Monday, January 25, 2010

What Will the Ruling on Political Ads Mean in the Corporate Oligarchy of Tennessee?

Posted By on Mon, Jan 25, 2010 at 6:54 AM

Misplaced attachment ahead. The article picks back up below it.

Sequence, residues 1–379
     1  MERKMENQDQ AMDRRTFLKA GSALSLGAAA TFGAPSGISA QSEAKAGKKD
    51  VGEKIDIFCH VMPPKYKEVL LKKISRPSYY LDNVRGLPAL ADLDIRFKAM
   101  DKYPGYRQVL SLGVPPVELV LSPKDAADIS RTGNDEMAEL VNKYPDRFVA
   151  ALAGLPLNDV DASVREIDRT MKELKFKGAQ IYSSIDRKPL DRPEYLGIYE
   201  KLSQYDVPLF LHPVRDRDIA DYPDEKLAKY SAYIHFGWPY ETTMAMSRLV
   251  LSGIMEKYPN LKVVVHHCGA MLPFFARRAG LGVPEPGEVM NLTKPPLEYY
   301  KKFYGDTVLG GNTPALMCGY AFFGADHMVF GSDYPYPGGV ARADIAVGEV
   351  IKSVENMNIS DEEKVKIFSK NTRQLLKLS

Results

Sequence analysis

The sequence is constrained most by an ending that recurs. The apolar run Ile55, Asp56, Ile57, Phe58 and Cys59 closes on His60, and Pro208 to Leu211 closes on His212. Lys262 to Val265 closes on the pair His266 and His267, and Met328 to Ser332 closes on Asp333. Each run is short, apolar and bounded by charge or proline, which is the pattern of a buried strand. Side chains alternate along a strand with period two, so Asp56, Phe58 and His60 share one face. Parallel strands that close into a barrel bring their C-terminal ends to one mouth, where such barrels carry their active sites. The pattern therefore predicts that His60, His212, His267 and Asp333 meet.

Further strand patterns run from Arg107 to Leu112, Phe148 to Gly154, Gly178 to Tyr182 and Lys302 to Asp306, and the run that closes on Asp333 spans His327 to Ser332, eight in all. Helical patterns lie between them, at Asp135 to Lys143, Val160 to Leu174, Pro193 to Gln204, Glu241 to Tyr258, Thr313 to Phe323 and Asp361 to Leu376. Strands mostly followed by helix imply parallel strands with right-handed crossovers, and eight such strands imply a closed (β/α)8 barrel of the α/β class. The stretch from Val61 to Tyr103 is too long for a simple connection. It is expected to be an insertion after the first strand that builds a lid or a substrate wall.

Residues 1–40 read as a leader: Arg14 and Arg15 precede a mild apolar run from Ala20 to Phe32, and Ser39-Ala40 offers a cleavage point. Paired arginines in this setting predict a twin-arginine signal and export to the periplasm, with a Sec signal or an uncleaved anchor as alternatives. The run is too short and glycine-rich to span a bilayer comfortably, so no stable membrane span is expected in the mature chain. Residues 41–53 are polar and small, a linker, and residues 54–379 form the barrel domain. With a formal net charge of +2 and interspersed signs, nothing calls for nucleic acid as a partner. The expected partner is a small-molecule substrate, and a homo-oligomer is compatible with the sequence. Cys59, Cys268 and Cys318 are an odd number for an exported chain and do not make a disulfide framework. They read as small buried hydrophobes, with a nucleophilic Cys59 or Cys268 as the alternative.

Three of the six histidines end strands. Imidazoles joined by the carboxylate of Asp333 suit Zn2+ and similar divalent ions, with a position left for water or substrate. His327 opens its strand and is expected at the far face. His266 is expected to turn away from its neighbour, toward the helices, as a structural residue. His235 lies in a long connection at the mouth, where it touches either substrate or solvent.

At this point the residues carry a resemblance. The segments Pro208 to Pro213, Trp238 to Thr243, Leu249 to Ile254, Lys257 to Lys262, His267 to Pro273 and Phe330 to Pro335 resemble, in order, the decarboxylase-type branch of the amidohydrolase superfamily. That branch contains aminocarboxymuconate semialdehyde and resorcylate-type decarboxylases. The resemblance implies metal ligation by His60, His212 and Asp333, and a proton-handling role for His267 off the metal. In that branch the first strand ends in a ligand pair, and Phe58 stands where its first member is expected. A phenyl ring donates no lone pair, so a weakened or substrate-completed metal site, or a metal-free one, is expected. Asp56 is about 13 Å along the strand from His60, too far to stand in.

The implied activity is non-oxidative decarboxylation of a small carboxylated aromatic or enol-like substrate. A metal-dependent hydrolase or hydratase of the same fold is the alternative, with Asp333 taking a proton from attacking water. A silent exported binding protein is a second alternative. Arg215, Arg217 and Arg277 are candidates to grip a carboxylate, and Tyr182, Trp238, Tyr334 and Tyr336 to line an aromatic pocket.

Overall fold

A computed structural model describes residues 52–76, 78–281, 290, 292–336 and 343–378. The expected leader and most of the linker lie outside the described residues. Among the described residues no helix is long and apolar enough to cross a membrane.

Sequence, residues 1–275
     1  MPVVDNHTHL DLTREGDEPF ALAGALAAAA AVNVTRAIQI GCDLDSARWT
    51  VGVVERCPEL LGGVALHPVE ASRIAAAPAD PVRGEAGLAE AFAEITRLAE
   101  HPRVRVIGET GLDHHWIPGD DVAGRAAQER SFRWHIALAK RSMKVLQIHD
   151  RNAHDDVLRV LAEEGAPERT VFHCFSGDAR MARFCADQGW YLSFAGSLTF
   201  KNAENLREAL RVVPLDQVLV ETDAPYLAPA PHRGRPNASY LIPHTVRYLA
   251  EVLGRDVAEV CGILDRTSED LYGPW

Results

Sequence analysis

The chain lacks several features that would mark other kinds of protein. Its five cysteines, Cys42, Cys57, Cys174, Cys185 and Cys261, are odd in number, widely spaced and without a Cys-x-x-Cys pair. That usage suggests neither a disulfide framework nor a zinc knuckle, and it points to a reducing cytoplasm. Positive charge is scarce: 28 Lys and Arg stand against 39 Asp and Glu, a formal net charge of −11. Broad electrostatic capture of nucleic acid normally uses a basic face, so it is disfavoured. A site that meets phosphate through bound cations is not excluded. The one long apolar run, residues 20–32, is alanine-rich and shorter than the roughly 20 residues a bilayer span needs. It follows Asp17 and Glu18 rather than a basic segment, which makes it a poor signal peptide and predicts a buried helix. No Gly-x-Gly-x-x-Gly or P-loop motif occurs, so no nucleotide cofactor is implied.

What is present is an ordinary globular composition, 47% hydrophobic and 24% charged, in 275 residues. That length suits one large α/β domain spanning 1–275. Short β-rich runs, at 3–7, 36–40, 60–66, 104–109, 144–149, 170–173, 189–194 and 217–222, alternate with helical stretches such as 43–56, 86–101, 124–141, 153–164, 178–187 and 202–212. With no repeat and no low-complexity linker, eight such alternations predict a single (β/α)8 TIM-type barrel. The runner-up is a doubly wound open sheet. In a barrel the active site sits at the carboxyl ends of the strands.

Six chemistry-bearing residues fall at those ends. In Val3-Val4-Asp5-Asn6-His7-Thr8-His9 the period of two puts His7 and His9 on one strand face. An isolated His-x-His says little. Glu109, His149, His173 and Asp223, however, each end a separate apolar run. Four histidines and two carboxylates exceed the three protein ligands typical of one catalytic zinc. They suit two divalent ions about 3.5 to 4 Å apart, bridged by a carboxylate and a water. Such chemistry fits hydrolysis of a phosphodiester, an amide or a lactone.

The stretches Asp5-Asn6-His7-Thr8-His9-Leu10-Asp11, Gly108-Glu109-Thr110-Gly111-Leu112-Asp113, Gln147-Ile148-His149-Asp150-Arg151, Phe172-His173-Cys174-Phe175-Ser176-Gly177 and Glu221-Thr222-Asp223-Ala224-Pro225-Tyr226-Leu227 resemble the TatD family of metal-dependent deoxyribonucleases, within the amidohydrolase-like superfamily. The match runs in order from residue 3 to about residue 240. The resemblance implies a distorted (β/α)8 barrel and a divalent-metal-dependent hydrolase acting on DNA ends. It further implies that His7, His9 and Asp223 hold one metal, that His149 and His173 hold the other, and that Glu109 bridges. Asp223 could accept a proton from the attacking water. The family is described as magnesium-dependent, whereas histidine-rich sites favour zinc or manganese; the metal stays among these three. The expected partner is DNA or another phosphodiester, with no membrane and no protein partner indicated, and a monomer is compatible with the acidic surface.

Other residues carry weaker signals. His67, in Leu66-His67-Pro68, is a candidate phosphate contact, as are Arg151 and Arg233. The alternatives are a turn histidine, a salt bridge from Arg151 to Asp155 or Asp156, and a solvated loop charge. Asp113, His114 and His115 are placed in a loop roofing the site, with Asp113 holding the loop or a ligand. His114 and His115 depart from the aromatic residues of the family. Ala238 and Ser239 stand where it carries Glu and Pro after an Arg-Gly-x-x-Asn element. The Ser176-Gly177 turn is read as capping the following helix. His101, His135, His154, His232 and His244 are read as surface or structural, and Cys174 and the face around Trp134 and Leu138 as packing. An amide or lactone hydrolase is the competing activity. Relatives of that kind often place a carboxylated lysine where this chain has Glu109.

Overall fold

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President Obama thinks the Supreme Court's campaign finance ruling is the end of democracy as we know it. But in Tennessee, where we've chosen corporate oligarchy over democracy as our form of government, will it really matter that much? The ruling tosses out regulations that barred corporations from buying campaign commercials that explicitly advocated the election or defeat of candidates. Big whoop. Under McCain-Feingold, all businesses have had to do is form PACs and 527s, dump their money into so-called issue ads and pretend there was no coordination with candidates. It was sneaky and fun. They even coined a cute term for it: swift-boating! Now, corporations can pop up a TV ad and proudly claim it as their own. This new system is more honest, but it's not too much different from the old one. Here, corporations never have seen much need to buy issue ads. Why bother? Business interests pretty much own every Republican and Democrat in this state. We're guessing corporations will remain reluctant to make unnecessary political expenditures in Tennessee. Just in case the court's decision doesn't apply to the states--and there's some uncertainty about that--House GOP caucus chair Glen Casada has introduced legislation to repeal the Tennessee law banning corporate cash in our campaigns. He probably is wrong that this change would give Republicans a big edge. In Tennessee, Democrats might stand to gain as much, since they are right there with Republicans elbowing for room in the back pockets of business interests. Lt. Gov. Ron Ramsey, trying to compete with Bill Haslam's fund-raising machine, is excited by the new lay of the political landscape. He thinks he can use his state office to shake down corporations for cash for his gubernatorial campaign. "It's nice to have an equalizer," he says. But does anyone think this will change the basic dynamic of the race? Haslam stays No. 1 in money (no need for Pilot Oil to pony up). So we doubt too many corporations will care to exercise their new constitutional right to engage in political speech on Ramsey's behalf. It might annoy Haslam, who's still the clear favorite to become the next governor. Update: That populist firebrand Gail Kerr is sounding alarms. She sees unlimited financial corporate "sponsorships" of state legislative candidates in our future. She doesn't address the question of whether The Tennessean would bankroll a candidate. Ba dum tsh!

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